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Running Guide for Beginners: Everything You Need to Know

06/29/2020 by Kyle Greco

So you want to get active. Not just ‘exercise once in a while’ active. But to make it an important part of your daily routine! 

If you choose to take up running, you’ll enjoy a journey that’s as rewarding as it is challenging. If you’re an absolute beginner, though, it’s important to get off on the right foot. Here’s our how-to guide on running for beginners.

Get Motivated

If you want to make something a habit, it’s generally a good idea to have a reason to drive it. Whether it’s to lose weight, eventually run a 5K, or simply just to feel better, it has to be something that gets your butt off the couch and onto the track, trail, or road.

Benefits of Running

-Relieves stress!

-Can help you feel healthier

-Releases endorphins, which can result in what running fanatics call a runner’s high.

-Increases lung capacity (yay breathing) 

-Increases energy (sounds counterintuitive but true)

-Boosts metabolism (maybe you can have that extra scoop of ice cream)

 

Pick Up the Right Equipment

One of the beautiful things about taking up running as a hobby and exercise is that it doesn’t require a lot of equipment to start. You can just dart off into the night in your work attire and everyone will think it’s normal.

Just kidding. It doesn’t take much to gear up for a running regimen, but the right running shoes are non-negotiable.

How to Find a Running Shoe That Fits

Measure the length of your foot from heel to toe. Then add a thumb’s width after your longest toe (read: not always the big toe).  This is how long your shoe should be to comfortably accommodate your feet, which will change in size as you exercise. Weird, but true.

 

 

Figure out your forefoot width. If your foot spills over the side of the shoe, it is too wide for that model.

 

 

 

Meet with a shoe fit specialist to discuss lacing techniques and uppers. If it feels like your feet are falling asleep, then the shoe upper probably doesn’t fit your foot properly. It might be an altogether bad fit, or you might just need to lace up in a different way. A shoe fit specialist will be able to help you figure it out.

 

Choose the right support and cushioning level for your feet. Finding the right combination of the two can really help you find another level in running ability. Don’t overlook the way your heel feels in the shoe. If it ‘locks’ into the shoe, you’re on the right track.

 

Quality running shoes aside, you’ll also need gear for all types of weather. The rain and cold are not going to get in the way of your newfound running routine!

For Warm Weather

Lightweight clothes. Sweat can make your clothes heavy. That’s why it’s important to start each run wearing the most lightweight gear possible.This might make you feel inclined to wear as little as possible, but that would be the wrong way to look at it. In fact, longer clothes will help  protect your skin from sun damage. 

 

Moisture-wicking materials. Shirts and shorts made from moisture-wicking fabrics do a great job of helping you stay cool and dry. Customize them with your own personal style for an extra boost of confidence when you’re out on the trail.

By contrast, 100% cotton shirts will absorb sweat, meaning they’ll get heavier the longer your run goes (which is the last thing you want!). Read more about how different fabrics work here.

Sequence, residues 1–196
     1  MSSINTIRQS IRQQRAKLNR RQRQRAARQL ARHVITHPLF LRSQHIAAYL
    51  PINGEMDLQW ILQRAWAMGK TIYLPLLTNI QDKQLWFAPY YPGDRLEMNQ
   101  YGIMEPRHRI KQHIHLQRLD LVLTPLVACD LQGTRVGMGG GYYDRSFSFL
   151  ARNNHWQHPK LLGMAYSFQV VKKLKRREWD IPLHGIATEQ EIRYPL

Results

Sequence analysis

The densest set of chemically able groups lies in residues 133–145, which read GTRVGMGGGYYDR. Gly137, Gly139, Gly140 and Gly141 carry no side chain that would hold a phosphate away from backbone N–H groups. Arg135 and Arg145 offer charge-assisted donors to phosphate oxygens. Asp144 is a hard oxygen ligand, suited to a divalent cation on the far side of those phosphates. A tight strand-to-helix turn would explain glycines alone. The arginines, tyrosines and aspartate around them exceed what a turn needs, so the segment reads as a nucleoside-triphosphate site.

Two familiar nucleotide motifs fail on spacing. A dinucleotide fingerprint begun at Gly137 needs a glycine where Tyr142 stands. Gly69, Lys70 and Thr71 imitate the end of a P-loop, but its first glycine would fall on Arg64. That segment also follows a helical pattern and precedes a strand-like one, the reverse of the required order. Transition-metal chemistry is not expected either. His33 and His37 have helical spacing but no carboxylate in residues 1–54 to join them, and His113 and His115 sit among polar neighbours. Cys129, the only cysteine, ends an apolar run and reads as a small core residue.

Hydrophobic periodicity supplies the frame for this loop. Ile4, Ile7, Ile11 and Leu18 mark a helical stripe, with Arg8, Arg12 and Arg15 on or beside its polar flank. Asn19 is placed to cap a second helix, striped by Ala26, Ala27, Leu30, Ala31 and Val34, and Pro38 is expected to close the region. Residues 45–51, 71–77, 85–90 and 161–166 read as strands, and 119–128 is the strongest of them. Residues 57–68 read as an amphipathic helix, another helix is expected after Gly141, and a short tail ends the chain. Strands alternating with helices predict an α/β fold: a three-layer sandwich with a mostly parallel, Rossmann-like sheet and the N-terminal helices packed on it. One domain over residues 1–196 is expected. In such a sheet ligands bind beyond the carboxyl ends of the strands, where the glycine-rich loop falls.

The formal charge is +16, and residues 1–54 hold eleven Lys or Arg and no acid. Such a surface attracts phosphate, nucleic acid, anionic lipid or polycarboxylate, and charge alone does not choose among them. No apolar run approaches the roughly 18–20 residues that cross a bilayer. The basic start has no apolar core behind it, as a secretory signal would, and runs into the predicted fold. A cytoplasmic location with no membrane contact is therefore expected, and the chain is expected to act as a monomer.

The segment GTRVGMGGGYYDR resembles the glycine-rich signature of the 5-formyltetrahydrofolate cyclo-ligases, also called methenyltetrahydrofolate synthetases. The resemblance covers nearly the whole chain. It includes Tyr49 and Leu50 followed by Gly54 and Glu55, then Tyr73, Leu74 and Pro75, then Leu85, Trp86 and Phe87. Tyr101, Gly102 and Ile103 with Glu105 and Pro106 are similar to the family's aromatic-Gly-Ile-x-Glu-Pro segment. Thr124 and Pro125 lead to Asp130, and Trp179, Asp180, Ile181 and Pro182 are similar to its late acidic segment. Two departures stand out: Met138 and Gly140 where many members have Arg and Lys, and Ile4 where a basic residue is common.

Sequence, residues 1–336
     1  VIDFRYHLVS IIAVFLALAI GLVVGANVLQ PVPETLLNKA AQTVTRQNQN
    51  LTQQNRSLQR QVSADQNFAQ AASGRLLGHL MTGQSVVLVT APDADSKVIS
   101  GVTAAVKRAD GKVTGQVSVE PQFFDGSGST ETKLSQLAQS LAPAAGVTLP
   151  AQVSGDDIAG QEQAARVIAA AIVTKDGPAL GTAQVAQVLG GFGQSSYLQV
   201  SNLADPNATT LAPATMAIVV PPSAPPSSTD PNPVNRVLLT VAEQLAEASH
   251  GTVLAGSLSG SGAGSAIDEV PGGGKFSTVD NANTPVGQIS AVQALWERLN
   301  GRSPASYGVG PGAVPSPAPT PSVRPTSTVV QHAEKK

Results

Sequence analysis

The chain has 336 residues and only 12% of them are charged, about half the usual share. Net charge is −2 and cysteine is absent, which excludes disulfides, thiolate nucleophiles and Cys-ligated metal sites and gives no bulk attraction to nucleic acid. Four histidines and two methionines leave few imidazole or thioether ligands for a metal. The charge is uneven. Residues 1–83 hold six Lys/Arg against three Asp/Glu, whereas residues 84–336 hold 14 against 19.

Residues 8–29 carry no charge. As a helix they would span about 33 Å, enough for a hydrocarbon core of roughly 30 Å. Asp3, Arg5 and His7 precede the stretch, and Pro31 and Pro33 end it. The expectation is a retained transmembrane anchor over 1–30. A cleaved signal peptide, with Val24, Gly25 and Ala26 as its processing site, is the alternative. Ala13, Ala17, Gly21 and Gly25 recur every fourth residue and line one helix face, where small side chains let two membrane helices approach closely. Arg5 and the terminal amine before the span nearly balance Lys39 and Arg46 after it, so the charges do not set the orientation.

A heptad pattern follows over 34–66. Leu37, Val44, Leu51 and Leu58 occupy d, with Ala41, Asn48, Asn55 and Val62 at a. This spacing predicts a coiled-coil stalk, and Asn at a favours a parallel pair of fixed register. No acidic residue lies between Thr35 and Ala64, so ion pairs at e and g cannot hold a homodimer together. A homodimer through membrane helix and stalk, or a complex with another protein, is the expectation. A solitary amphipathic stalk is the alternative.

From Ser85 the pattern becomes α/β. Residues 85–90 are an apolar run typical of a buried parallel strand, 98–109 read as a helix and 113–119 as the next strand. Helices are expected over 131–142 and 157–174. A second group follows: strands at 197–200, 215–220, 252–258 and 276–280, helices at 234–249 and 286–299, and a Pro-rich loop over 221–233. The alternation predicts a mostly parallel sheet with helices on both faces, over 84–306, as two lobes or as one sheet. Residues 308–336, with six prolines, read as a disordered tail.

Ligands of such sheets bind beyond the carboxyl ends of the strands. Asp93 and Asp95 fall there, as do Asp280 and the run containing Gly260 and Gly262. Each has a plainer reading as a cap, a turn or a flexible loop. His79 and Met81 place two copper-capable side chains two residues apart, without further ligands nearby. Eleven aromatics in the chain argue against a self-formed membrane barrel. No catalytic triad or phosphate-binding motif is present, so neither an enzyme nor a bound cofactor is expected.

Broad-billed hat. Running in warm weather usually means you’re out in the sun. And prolonged sun exposure isn’t just uncomfortable– it’s bad for your skin.

Keep the sun off of your head and face with a proper running hat.  These hats are made out of moisture-wicking material, too, so they’ll help you stay cool. Look for ones with “sun skirts,” which offer extra protection for your ears and neck.

 

Sunglasses. Lightweight sport sunglasses offer superior coverage than casual sunglasses. In a pinch though, anything is better than subjecting your eyes to piercing sunlight!

 

 

For Cold Weather

Long-sleeve baselayer. Staying warm starts at your core. That’s why you need a shirt that wicks moisture away from your body, while offering enough coverage so that fierce winds don’t feel like they’re going straight through you. 

 

 

Wool or fleece layer, for extreme cold. When the temps go lower than freezing, a basic baselayer is not going to cut it. For extra protection, you’ll need a warmer layer to protect you from the elements. Wool and fleece are known for this! 

 

 

Training jacket. Sometimes referred to as an “outer shell,” this jacket has to be more than just your everyday windbreaker. It should be waterproof on the outside, without trapping sweat on the inside. Look for fully sealed seams for extra dryness. 

 

 

Gloves and a hat. Because nothing can make a run miserable quite like cold hands and ears. With plenty of options on the market that are both lightweight and warm, you won’t have to sacrifice comfort for the sake of avoiding frostbite. 

 

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Joggers. They’re more than just an acceptable sweatpant to wear to the grocery store. These will keep you warm while offering breathability and a fit that doesn’t get in the way of mobility. 

 

 

 

A traction system. Yes, you’ve already invested in a great pair of running sneakers. But they’re really not designed for running in icy conditions. For that, you’ll need a traction system that retrofits to your shoe, providing cleat-like stability in the worst winter conditions.

 

 

What About Colors?

If you plan on doing most of your running on a track, you don’t have to worry about being seen by vehicles and other bystanders. In that case, wear whatever color suits your fancy.

But if you plan to run mostly roads and trails, you’ll need to wear colors that help you stand out. Safety yellow and orange are designed to be seen in hazardous conditions (that’s why construction workers wear them).